Elections Alberta recently updated their records for quarterly contributions of various provincial political parties, and the NDP are in the lead. By a lot.
According to these records, the Alberta NDP received just under $1.2 million during the first quarter of 2021, most of which came from contributions that were $250 or less. Those contributions made up about $809,000—or 68%—of the total received.
The remainder—$377,000—were from 676 contributions that were each above $250, averaging about $560 per contribution. Of those, 8 contributed the maximum allowed for the year: $4,243.
- Lorne Dach of Edmonton
- Thomas Dang of Edmonton
- Sylvia Flood of Edmonton
- Mike Gardner of Calgary
- Barb Howard of Calgary
- Fred Kreiner of Edmonton
- David Mayhood of Calgary
- Chandra Thomas of Calgary
Coming in a distant second place were the UCP, who brought in nearly $522,000, only 44% of what the NDP did. In contrast to the NDP, most of the UCP’s donations came from large donations—$304,890.66, or about 59%—from 360 persons, for an average of $846.82 per person.
Of those who made large donations, 17 maxed out their contributions:
- Donald, Archibald of Calgary
- Rene Blais of Grande Prairie
- Jeanette Budzinski of Edmonton
- Barbara Harris of Edmonton
- Richard Haskayne of Calgary
- Nate Horner of Pollockville
- Ray Knelsen of La Crete
- Arthur Korpach of Calgary
- John Langille of Calgary
- Frederick Mannix of Calgary
- Maurice McCaig of Calgary
- James Pasieka of Calgary
- Bruce Sembaliuk of Edmonton
- Tyler Shandro of Calgary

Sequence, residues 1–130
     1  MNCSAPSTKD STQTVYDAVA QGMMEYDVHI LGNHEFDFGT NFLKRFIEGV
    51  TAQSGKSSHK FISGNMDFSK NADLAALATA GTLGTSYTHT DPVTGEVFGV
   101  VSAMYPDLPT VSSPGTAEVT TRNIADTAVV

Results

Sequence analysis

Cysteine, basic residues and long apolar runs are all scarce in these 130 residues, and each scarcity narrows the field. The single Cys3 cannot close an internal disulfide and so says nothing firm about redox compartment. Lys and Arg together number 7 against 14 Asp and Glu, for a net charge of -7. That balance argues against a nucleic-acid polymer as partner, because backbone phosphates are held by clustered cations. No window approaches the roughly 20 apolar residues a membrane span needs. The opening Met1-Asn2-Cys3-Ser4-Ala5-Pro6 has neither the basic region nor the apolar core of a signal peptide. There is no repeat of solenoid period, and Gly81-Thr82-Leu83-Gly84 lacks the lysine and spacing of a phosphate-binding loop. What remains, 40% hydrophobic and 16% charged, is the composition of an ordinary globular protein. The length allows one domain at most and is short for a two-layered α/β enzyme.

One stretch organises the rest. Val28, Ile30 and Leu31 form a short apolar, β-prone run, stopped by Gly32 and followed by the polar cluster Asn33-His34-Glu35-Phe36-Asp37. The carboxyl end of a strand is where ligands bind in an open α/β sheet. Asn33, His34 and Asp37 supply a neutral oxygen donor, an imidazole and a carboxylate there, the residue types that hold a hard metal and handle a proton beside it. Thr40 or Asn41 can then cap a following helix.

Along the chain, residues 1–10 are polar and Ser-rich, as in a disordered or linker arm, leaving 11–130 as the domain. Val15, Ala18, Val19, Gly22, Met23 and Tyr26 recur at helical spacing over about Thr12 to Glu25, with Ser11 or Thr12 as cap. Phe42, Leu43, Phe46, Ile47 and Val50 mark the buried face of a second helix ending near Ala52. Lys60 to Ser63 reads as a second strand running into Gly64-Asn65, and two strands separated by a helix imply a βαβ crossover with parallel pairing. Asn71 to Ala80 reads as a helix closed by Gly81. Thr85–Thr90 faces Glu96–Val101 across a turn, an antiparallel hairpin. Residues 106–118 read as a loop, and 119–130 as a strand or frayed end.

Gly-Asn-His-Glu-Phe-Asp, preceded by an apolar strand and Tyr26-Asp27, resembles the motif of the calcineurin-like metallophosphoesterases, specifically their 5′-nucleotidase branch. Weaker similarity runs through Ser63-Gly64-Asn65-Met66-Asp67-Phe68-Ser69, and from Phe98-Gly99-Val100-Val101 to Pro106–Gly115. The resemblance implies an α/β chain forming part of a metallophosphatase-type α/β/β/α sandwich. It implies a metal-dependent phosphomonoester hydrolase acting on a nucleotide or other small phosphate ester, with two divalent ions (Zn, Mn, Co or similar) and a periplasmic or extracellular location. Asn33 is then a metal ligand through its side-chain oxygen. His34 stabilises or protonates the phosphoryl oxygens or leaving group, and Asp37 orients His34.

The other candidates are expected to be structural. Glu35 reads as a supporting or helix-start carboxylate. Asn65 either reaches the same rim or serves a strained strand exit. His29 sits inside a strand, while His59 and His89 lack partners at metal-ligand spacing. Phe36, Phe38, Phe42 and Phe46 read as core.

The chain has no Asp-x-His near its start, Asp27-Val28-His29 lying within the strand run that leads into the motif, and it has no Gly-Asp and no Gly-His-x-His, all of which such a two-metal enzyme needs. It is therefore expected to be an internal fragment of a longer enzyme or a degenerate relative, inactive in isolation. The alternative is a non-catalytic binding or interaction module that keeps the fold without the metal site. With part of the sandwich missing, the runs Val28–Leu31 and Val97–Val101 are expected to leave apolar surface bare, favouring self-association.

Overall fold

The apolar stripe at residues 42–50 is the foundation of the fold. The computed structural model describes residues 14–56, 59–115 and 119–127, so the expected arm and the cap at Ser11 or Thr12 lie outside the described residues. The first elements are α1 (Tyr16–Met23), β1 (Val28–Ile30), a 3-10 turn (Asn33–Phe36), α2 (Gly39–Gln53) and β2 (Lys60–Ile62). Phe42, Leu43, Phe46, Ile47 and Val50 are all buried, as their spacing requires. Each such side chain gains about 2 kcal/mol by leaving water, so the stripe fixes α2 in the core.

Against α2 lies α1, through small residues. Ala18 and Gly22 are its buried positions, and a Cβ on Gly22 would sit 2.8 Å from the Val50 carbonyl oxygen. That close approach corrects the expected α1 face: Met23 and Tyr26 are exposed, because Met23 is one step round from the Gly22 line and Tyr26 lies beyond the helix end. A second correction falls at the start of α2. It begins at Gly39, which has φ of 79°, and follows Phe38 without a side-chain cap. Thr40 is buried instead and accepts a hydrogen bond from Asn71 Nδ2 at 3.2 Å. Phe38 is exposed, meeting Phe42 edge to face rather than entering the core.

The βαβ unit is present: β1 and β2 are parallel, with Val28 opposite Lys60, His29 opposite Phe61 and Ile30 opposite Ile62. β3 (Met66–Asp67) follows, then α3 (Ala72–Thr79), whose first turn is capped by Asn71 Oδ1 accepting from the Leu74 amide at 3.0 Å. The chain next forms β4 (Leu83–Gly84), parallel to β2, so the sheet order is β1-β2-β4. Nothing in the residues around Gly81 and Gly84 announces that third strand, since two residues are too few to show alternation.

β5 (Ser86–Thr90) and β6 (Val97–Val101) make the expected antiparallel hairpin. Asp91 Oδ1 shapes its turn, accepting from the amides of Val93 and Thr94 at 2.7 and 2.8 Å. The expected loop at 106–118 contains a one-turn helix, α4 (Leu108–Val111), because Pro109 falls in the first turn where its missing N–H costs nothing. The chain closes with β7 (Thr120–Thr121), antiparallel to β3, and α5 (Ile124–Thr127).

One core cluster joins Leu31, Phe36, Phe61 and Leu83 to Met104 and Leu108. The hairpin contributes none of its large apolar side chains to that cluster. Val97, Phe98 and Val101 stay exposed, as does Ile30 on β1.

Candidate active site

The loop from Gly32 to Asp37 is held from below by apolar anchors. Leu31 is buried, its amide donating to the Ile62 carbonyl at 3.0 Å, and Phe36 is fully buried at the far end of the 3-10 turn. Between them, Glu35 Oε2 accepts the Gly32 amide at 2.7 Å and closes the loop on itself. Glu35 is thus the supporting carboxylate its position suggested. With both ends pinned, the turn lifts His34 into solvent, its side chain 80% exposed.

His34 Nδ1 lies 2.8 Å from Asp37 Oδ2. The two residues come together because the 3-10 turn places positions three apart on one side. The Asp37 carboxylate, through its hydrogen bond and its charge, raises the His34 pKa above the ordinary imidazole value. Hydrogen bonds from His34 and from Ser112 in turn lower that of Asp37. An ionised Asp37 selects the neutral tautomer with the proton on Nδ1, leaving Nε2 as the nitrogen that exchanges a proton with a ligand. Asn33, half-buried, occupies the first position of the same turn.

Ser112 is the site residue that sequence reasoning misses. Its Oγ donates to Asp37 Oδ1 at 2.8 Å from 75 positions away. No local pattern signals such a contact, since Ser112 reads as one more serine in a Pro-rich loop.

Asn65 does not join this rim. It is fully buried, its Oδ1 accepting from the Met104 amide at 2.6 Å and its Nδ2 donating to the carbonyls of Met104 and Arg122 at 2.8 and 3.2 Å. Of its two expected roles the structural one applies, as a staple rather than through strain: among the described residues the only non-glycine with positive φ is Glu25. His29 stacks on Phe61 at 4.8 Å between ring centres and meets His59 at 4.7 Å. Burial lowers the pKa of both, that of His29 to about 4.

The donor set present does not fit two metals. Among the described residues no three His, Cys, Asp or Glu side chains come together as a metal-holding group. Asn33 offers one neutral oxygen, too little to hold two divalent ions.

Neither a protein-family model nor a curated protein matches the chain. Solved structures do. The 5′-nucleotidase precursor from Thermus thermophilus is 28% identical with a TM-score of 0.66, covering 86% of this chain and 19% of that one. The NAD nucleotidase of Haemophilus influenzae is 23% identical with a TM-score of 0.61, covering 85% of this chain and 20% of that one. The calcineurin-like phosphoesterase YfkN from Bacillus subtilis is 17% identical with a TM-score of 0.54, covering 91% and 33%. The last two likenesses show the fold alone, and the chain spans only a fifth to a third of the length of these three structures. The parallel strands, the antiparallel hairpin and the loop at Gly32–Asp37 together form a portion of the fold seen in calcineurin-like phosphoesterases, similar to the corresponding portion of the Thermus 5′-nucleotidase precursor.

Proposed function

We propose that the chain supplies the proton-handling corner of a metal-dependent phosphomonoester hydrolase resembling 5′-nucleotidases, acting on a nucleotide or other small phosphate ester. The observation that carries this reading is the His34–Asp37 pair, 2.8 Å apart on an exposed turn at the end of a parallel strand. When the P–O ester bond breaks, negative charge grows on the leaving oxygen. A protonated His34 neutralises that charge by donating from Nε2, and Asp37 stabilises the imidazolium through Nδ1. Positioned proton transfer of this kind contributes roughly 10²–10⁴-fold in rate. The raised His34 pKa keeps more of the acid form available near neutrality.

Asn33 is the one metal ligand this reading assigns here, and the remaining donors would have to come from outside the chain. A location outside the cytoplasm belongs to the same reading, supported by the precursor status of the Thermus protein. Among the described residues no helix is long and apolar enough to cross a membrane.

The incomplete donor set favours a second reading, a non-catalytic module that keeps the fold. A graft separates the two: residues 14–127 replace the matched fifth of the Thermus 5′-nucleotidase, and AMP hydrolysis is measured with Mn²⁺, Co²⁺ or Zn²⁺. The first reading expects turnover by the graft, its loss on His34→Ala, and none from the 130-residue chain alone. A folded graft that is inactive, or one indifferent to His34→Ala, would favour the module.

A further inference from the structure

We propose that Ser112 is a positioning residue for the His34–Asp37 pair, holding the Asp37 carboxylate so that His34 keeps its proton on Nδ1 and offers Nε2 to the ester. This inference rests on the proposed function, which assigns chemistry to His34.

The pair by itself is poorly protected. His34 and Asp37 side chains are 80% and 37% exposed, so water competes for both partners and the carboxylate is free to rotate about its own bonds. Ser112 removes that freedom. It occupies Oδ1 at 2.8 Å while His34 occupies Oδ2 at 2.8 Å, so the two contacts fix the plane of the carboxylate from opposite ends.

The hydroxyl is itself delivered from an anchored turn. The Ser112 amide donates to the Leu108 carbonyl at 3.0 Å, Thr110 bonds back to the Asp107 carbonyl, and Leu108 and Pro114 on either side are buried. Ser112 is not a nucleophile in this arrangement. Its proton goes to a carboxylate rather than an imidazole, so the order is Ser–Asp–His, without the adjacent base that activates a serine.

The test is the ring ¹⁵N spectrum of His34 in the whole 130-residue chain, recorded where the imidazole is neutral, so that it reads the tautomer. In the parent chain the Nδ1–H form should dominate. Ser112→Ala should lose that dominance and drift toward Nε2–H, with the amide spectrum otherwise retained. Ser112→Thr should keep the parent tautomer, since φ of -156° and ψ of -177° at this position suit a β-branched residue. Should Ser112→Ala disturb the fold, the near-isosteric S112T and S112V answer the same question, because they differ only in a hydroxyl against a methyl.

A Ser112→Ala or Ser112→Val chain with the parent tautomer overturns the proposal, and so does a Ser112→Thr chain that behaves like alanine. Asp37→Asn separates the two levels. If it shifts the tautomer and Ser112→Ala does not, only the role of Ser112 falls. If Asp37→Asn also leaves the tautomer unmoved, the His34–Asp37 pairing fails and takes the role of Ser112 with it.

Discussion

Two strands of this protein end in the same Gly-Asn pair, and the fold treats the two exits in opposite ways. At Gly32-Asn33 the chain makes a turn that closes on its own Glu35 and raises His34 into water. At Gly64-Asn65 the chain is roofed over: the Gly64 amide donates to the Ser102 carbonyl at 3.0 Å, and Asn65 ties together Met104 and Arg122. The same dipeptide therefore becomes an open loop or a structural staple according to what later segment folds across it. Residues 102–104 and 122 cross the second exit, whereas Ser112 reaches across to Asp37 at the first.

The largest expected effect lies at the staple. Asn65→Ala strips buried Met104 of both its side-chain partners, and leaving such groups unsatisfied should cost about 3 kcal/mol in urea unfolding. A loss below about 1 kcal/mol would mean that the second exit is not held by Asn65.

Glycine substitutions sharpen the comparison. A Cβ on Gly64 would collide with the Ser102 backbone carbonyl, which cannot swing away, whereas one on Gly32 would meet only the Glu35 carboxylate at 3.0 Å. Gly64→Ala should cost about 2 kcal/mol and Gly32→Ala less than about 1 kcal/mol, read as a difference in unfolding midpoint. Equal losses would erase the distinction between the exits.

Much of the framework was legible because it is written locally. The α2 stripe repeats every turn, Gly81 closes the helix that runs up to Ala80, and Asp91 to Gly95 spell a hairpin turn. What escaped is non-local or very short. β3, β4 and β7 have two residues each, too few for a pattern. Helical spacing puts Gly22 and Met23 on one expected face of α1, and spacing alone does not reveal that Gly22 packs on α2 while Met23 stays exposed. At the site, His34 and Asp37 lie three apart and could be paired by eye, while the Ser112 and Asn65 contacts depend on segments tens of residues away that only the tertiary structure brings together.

- Travis Toews of Beaverlodge
- Calvin Wenzel of Calgary
- Grant Wilde of Calgary
The Alberta Party received $43,394.09 in donations during the same period, with roughly half made up of donations that were $250 or less and half above $250. Their largest contributor was Francis Saville of Redwood Meadows, who donated $4,000. Their large donations came from 27 people, with an average of $647.15.
Fourth place went to the Pro-Life Alberta Political Association, which raised $33,261 last quarter, the vast majority of which came from donations of under $250. In fact, only 7 people contributed more than that, and none of them were over $500. This party was created in 2017, after anti-abortion activist Jeremy Fraser became leader of the Alberta Social Credit Party and changed its name.
The Wildrose Independence Party, created just last year following a merger between the Freedom Conservative Party and Wexit Alberta, was in fifth place, having received $32,271 in donations. Just over $20,000 came from small donations. The remaining $12,200 came from 21 donations, for an average of $580.95. The largest donor was Gary Kalynchuk of Edmonton, who donated $1,500.
In sixth place were the Liberals, who collected $31,798.53 in total, with $13,355.53 coming from small donations and $18,443 from 20 large donations. Two of their donors have already maxed out their donations for the year: Ian & Patricia Cartwright, both of which are from Calgary. The Liberals’ large donations averaged $922.15 per person and came from 20 people.
The Green Party came in second lowest with less than $4,000 in contributions, $1,480 coming from small donations and just under $2,500 from large ones. Those large donations came from just 4 people. The largest donation came from Marjorie Ward, who donated $1,500.
Of all the parties that reported having received contributions last quarter, the Independence Party received the least. They received just under $1,500, about $1,200 coming from small donations. Only one donation was over $250, but just barely.
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